As a country in the middle of Europe, having more borders to other countries than any other state, regardless of whether you look at current or historical German state borders or borders of the German language area, this phenomenon of being open to absorb foreign words and sometimes even butchering them in the absorption process is also somewhat built into the tradition of the language - Some more historical examples are "Fisimatenten" or "Gugommerle" (dialect for "Gurke") - Look those up, they have interesting histories.

This phenomenon is BTW not specifically German - It happens all the time, in all languages and between all languages. (Even in Chinese - The Chinese word for Caesar (Kaisa) is apparently derived from the German word "Kaiser" - Which is definitely a different thing, English uses patelization to denominate "dominated by indians”, derived from a typical Indian surname,...)

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    Kaiser and Caesar are different, yes, but I would guess that the former is derived from the latter. – Rudy Velthuis Dec 10 '17 at 20:36
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    Kaiser is derived from Caesar de.wikipedia.org/wiki/Kaiser – PiedPiper Dec 10 '17 at 23:37
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    "Handy" sounds like it might be English, but "Patelization" doesn't even remotely sound like it might be a foreign word (e,g Indian). That's what we are discussing here – PiedPiper Dec 11 '17 at 10:15
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    I thought the etymology of Fisimatenten was essentially reduced to unclear with the most commonly stated tent-of-a-soldier story refuted? – Jan Dec 19 '17 at 10:25
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    @Jan You are right, currently Wikipedia say "nice story, but most probably from Latin or Italian" - Where it really comes from doesn't matter in the context we have here - It's very definitely not of German origin. – tofro Dec 19 '17 at 10:50
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If a concept does not previously exist in a language but suddenly turns up — often, because a gadget has been invented but previously also when a religion was introduced etc. — a new word is required. Historically, all languages I know have used all of the following concepts:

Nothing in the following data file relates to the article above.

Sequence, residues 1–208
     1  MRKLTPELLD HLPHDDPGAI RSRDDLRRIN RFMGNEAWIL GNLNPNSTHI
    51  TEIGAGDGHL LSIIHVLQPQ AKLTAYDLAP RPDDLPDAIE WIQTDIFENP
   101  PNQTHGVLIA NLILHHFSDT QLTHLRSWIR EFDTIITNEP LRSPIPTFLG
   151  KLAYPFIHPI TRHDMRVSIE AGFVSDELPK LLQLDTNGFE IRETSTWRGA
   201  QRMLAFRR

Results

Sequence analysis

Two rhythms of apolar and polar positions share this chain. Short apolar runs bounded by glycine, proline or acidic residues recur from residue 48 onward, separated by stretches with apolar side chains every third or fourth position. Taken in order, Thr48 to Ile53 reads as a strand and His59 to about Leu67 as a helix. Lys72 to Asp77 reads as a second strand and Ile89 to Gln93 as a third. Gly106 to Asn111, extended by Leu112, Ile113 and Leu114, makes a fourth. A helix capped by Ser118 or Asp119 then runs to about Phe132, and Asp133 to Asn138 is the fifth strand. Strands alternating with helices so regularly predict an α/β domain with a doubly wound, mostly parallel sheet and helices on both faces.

• copy an already existing word from another language, usually the language that brought the concept with it

    • as an extension to that, modify its pronunciation to better fit the adopting language
  • use words that previously existed and put them together in a new way; maybe even just extend the meaning of a simple word

  • invent an entirely new word for the concept which may or may not be tied to any pre-owned existing words in any other languages.

I don’t think (but have no data to prove it) that German is in any way more prone to any of these options than any other language. For example, Swedish has invented the term strips to mean French fries. It sounds equally silly to me as German Handy. And in Japan from what I infer the same food is called pote(to). A mildly connected concept in both cases (in the same way that you can’t deny it’s Handy to have a mobile phone) but otherwise just invented.

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    Exactly. On the motivation: I (being a native speaker of Greek besides German) always suffer seeing the mixed Greek–Latin terms in science. Why not just Greek or just Latin? My off the bat hypothesis: it demonstrated belonging to a certain group (medieval humanist scholar). Ego-shooter may serve the same purpose for the gamers, Handy or such for the techies. After Christmas I will try to find Greco-Egyptian mixtures in Ancient Greek. – Ludi Dec 22 '17 at 12:08
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Most of these words are created by media and / or advertising companies. A sad but true fact is that many teenagers are more follower than leader and more prole than smart...

Btw I think that it's not only a german (pseudo)problem : Look at Japan and how they adopted so many german and english words in anime that they cannot even pronounce or understand. No offense meant, it's again the fact that these words seem to sound cooler than native tounge.

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    Of course Japanese can pronounce the English and German loanwords in their language, otherwise they wouldn’t be able to use them. They just pronounce them in a Japanese way. – Jan Dec 18 '17 at 17:39
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    Und wurde "Handy" von einer Werbefirma erfunden? Gibt es überhaupt Belege dafür, dass solche Wörter von Werbefirmen erfunden werden? Solche würden doch versuchen den Begriff für ihre Marke zu sichern, wie etwa bei Walkman, oder? – user unknown Dec 29 '18 at 2:28
  • Ich weis es nicht für Handy, aber siehe "Tempo" oder "Kaba", viele Leute nutzen z.B. solche Markennamen als Synonym für das jeweilige Produkt. – clockw0rk Dec 30 '18 at 2:55
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I as german think journalists and marketing people make such words up because german just doesn't sound as good as english.

  • Your statement "doesn't sound as good..." clearly needs some (1)proof and (2) more details in as "to whom?" – tofro Dec 22 '17 at 11:19
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"Handy" was actually created by Philips, the Netherlands-based electronics and household item brand. Back in around 1990, they introduced two mobile phone systems called the Porty and the Handy, and Handy became synonymous for any mobile phone in German.

Some of the information contained in this post requires additional references. Please edit to add citations to reliable sources that support the assertions made here. Unsourced material may be disputed or deleted.

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    As it is true that Philips created the "Porty" in the late 80ies there is no such brand name for "Handy". See e.g. this article for some more background. – Takkat Dec 21 '17 at 7:22
  • @Takkat you're probably right. I'll leave my incorrect answer if you don't mind. – imhotap Dec 21 '17 at 10:18